Difficult to reduce India’s dependence on Chinese device makers, says TMA

Photo: The New York Times

It would be difficult to reduce dependence on China-origin device makers by stopping supplies from the hostile country which might lead to unpleasant consumer experience, said a Delhi-based industry group, following the opposition by several trade organisations to Chinese products and India’s ambitious Atmanirbhar (self-reliance) move.

Earlier in June, the Directorate-General of Foreign Trade (DGFT) restricted China-imported mobile handsets without IMEI number, and India’s increased quality clearances for e-products from China have slowed down the shipping to India.

“It is complex (to cut dependence) since the government would have to step up and support, train, subsidise and enhance the local manufacturing capabilities. It is not going to be an easy picking unless taken very seriously. If done right it could very easily overturn the deficit that we are facing today,” Bhawna Kumari, president of The Mobile Association (TMA) told ET Telecom.

However, Kumari added that 2020 amid the COVID-19 pandemic has taught that being completely reliant on other nations will be inviting a self-inflicted disaster.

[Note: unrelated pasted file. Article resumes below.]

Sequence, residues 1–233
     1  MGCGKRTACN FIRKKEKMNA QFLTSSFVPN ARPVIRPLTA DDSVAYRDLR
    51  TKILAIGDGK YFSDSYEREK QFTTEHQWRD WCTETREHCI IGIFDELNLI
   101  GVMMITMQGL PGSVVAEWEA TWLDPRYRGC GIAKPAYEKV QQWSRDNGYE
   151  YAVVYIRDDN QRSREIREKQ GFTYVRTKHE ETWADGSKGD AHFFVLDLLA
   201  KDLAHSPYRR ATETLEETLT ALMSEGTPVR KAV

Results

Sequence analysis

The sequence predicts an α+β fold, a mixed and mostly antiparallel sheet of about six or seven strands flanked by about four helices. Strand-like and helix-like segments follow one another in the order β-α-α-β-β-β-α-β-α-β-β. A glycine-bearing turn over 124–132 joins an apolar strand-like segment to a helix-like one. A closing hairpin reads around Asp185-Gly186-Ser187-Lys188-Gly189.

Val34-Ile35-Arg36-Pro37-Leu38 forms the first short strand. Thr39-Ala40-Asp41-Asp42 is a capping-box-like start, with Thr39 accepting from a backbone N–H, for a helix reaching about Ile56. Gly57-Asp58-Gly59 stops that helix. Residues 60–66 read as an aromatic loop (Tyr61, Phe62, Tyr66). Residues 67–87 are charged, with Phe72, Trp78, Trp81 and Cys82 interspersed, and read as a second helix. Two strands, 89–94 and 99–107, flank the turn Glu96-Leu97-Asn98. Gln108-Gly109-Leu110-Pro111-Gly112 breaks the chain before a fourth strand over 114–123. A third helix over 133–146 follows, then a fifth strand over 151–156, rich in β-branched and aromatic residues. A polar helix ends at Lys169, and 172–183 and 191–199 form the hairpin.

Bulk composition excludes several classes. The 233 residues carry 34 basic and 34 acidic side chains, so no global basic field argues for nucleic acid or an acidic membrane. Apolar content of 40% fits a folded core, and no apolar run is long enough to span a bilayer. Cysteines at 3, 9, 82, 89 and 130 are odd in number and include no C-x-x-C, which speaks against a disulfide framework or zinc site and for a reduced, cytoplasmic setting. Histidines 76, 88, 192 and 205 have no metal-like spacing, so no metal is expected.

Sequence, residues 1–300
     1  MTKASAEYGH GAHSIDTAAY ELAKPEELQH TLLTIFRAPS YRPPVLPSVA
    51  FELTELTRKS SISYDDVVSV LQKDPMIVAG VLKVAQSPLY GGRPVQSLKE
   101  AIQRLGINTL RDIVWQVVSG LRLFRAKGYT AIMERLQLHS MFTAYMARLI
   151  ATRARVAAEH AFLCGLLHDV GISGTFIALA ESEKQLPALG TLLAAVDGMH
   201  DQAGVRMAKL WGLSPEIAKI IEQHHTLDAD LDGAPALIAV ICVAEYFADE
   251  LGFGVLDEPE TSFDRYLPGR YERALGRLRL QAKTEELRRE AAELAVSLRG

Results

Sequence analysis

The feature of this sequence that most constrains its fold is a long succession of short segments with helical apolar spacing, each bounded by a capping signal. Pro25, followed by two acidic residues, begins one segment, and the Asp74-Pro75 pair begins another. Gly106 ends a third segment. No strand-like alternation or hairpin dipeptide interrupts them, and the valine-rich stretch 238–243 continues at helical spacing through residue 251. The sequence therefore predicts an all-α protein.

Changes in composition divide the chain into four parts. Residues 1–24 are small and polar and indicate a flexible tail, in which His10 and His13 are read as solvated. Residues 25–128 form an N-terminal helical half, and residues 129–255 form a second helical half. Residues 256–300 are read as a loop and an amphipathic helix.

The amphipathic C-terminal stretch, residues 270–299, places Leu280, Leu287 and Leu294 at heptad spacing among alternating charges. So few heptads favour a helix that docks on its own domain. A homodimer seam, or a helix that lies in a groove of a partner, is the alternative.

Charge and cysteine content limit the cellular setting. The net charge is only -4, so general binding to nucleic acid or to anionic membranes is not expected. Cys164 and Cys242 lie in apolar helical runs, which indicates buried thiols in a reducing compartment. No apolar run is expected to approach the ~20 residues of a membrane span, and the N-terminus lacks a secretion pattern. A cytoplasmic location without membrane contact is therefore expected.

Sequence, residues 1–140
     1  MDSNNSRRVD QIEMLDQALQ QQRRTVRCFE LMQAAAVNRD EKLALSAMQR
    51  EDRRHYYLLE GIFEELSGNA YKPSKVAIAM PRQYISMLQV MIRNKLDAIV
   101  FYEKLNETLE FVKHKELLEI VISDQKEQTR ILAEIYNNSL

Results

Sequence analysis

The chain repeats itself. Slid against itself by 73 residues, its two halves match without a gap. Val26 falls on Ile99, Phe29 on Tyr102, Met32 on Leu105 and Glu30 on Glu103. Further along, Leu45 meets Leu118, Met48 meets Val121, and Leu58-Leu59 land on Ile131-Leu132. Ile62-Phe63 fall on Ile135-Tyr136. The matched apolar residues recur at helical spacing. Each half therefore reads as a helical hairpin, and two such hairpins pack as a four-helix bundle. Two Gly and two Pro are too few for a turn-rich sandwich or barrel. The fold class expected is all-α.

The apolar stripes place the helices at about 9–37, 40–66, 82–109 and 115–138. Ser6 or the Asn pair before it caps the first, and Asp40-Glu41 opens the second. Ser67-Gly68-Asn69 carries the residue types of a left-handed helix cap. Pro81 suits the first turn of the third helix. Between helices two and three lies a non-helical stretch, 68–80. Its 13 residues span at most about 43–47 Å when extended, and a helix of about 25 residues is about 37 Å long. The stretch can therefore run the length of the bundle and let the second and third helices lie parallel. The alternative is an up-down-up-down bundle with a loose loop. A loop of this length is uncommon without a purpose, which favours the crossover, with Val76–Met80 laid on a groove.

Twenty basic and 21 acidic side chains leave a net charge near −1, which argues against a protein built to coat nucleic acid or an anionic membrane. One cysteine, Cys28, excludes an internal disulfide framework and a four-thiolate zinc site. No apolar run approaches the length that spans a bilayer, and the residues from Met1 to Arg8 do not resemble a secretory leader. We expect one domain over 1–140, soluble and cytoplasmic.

“A short circuit in the supply chain relationships and meeting the demand goes haywire, which is not healthy for the citizens, nor for the economy, especially in difficult times,” she added.

Following the PM Narendra Modi’s clarion call of Atmanirbhar Bharat, the resentment against China-made products have surfaced.

Earlier, India had banned over 100 Chinese mobile apps in two tranches, under the section 69A of the Information Technology Act 2000.

In June this year, CAIT (Confederation of All India Traders) sought the intervention from Union Ministers Nirmala Sithraman, Piyush Goyal, and Minister Ravi Shankar Prasad to initiate a probe into Chinese handset companies.

For the uninitiated, several China-based original equipment makers have set up their manufacturing bases in the states of Uttar Pradesh and Telangana over the past few years.

She further stated that the users’ privacy must be one of the crucial considerations in the wake of the ambitious”Make in India” program.

In the September quarter, the Chinese companies collectively had over 75% market share over domestic as well as Korean and US-based brands, according to Singapore-based marketing and research firm Canalys.